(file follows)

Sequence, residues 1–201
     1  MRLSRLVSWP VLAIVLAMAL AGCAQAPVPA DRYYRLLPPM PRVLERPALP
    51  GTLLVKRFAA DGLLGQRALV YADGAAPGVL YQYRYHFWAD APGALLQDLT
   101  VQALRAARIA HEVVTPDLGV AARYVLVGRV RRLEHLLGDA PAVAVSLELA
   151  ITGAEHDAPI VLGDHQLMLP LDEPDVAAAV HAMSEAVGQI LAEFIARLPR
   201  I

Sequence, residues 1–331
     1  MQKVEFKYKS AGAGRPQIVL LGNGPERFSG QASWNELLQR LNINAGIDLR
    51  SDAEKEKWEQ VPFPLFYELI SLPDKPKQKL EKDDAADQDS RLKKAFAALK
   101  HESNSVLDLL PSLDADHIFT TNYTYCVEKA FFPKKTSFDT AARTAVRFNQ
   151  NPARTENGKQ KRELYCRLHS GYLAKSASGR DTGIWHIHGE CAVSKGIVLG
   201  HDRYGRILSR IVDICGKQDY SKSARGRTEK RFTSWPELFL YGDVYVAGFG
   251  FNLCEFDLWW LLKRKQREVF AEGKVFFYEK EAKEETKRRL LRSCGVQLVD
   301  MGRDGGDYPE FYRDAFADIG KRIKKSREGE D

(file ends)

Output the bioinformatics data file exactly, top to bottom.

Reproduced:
Sequence, residues 1–201
     1  MRLSRLVSWP VLAIVLAMAL AGCAQAPVPA DRYYRLLPPM PRVLERPALP
    51  GTLLVKRFAA DGLLGQRALV YADGAAPGVL YQYRYHFWAD APGALLQDLT
   101  VQALRAARIA HEVVTPDLGV AARYVLVGRV RRLEHLLGDA PAVAVSLELA
   151  ITGAEHDAPI VLGDHQLMLP LDEPDVAAAV HAMSEAVGQI LAEFIARLPR
   201  I

Sequence, residues 1–331
     1  MQKVEFKYKS AGAGRPQIVL LGNGPERFSG QASWNELLQR LNINAGIDLR
    51  SDAEKEKWEQ VPFPLFYELI SLPDKPKQKL EKDDAADQDS RLKKAFAALK
   101  HESNSVLDLL PSLDADHIFT TNYTYCVEKA FFPKKTSFDT AARTAVRFNQ
   151  NPARTENGKQ KRELYCRLHS GYLAKSASGR DTGIWHIHGE CAVSKGIVLG
   201  HDRYGRILSR IVDICGKQDY SKSARGRTEK RFTSWPELFL YGDVYVAGFG
   251  FNLCEFDLWW LLKRKQREVF AEGKVFFYEK EAKEETKRRL LRSCGVQLVD
   301  MGRDGGDYPE FYRDAFADIG KRIKKSREGE D